MDA Summer Camp: Something for Everyone

Camper Nitaya Pitts, 8, of Buffalo, decorates her volunteer counselor Laura Buck, 18, of Syracuse, during last year's MDA Summer Camp in Rush, N.Y.
by Phil Bennett on March 1, 2008 - 3:26pm

QUEST Vol. 15, No. 2

Every summer since 1955, kids have been granted the opportunity to escape the repetitious hardships of reality and relax among peers at one of MDA’s summer camps, which now number more than 90. To make it even better, campers are able to attend at no cost to themselves or their families. The cost of camp is covered by generous donors all over the country, from individuals who bought an MDA Shamrock or made a Telethon donation, to large corporate sponsors.

At summer camp, rock ‘n’ roll takes on a whole new meaning.

I went to MDA summer camp for many years. Whenever my dad picked me up at week’s end, he’d ask me how it was. I just said it was “great,” before turning away and going to sleep (usually it had been a long night).

Here are some more thoughtful answers than mine as to the biggest highlights of this special week.

“The reasons I like MDA camp are: Seeing people that actually see you for who you are, being with people who are just like you, experiencing things you thought you could never do (i.e., horseback riding), and dancing without worrying if people are laughing at you,” says Olivia Davis of Castro Valley, Calif., who was the MDA Goodwill Ambassador for Northern California in 2003. Olivia, 17, has congenital muscular dystrophy.

“MDA summer camp allows kids to have the childhood that many of us never are able to experience,” says Laura-Beth Jacquin, 20, of Atlanta, Ga. The MDA Goodwill Ambassador for West Massachusetts in 2000, Laura-Beth has Friedreich’s ataxia (FA). “I love to watch the other campers enjoy the relaxed, exciting and fun week of camp that everyone deserves to have.”

“The people who go to camp are pretty much amazing,” says Jennifer Sutton, 16, of McHenry, Ill., who also has FA. “They’re like my second family — I've been going to camp for eight years and I’ve met my best friends there. I can be myself because I know everyone else is going through what I go through.”

John Ryan, 19, of Spring Valley, N.Y., has FA. He says, “Every summer, I look forward to going to camp — it’s definitely the highlight of the year for me. I look forward to seeing all my friends because camp is the only time when we can all hang out together. It’s always so hard to say goodbye to all your friends, but we keep in touch and always look forward to next year.”

“I would have to say it would definitely be people understanding having their toes run over,” says Julie McMillian, 15, of Dacula, Ga., who has limb-girdle muscular dystrophy. “Since there are about 100 campers at MDA camp, counselors have gotten used to having their toes smashed.” Julie also likes “meeting people with the same problems — it’s nice to talk about your issues when someone is going through them, too. The counselors are the greatest people on Earth.”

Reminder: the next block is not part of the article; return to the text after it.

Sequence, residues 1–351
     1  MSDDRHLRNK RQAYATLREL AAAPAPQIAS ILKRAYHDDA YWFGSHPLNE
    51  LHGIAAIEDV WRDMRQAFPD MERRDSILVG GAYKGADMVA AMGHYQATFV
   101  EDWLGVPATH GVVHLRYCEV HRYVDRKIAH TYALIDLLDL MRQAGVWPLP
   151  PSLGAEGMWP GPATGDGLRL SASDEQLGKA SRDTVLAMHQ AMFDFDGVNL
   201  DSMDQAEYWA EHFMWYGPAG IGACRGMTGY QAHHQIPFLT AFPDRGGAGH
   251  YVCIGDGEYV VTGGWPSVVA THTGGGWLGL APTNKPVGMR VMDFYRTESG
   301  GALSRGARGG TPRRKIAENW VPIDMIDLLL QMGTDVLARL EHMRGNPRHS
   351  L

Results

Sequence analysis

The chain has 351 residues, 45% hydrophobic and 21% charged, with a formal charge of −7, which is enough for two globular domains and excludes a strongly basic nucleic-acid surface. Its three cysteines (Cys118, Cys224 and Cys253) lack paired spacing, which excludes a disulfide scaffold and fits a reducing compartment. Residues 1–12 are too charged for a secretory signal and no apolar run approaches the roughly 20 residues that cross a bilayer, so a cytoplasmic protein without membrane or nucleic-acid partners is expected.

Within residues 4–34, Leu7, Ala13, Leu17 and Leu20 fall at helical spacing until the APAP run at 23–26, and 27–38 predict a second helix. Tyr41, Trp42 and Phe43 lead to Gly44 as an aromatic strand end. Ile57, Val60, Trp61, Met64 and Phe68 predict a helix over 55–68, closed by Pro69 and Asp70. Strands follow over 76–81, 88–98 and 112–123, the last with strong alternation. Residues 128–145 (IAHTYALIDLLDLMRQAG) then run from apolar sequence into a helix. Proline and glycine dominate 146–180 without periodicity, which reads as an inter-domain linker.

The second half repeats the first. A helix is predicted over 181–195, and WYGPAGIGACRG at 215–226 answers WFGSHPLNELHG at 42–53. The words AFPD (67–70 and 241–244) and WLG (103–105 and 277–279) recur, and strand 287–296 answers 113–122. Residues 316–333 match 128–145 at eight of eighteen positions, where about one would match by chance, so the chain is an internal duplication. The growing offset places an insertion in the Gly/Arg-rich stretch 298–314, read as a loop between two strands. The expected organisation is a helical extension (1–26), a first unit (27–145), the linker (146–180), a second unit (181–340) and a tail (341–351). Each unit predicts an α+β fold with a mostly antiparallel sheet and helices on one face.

Campers can try group activities they've never before experienced.

Apparently, this degree of respect is mirrored by MDA staff and volunteer counselors.

“The campers — seriously, they are so amazing!” says Amit Pande, a volunteer counselor from Berkeley, Calif


“MDA camp gave me new eyes to look at life with. I learned so much about what my real priorities are and how to make the best of every moment,” says Brooke Falvey, a volunteer counselor from San Luis Obispo, Calif., adding, “Another great thing about camp is that not only do the younger children get a week to drag their feet and wheelchairs in the dirt without the constant nag of their parents, but their parents can have a relaxed state of mind knowing their children are having the time of their lives.”

“In my opinion, the dances were the best part of MDA camp — all of the kids had a blast,” said Stephanie Boyd, a volunteer counselor from Oakland, Calif. “I'm not a great dancer, but you don’t have to worry about being made fun of at MDA camp!”

“Everyone just lets loose and acts so very silly,” says Leslie Uptain, MDA district director, San Francisco. “Where else can you find adults, counselors and staff dressed like 80s rock stars throwing water balloons at each other in a fit of giggles?”

“I love my son and, believe me, taking care of him and meeting his challenges is one of the most wonderful things in my life,” says Debbie Walker, of Powder Springs, Ga., referring to 13-year-old Jake, who has type 2 spinal muscular atrophy. “However, it’s really nice to know that once a year my husband and I can ‘escape’ the day-to-day grind and have an opportunity to relax and simply focus on ourselves and each other. We generally plan a getaway and enjoy the time that he’s at camp.”

Christopher Johnson, 16, of Marietta, Ga., has Duchenne muscular dystrophy. He loves camp because “you get to interact socially with people just like you without being looked upon as different.”

Adds his mother Cheryl, “Knowing that he’s well taken care of and happy, I can take a break from care taking and recharge.”

So the verdict seems pretty unanimous — MDA summer camp really is a bit more than fun in the sun for campers, counselors and parents alike.

Phil Bennett, 23, lives in Fremont, Calif. He has Friedreich’s ataxia.

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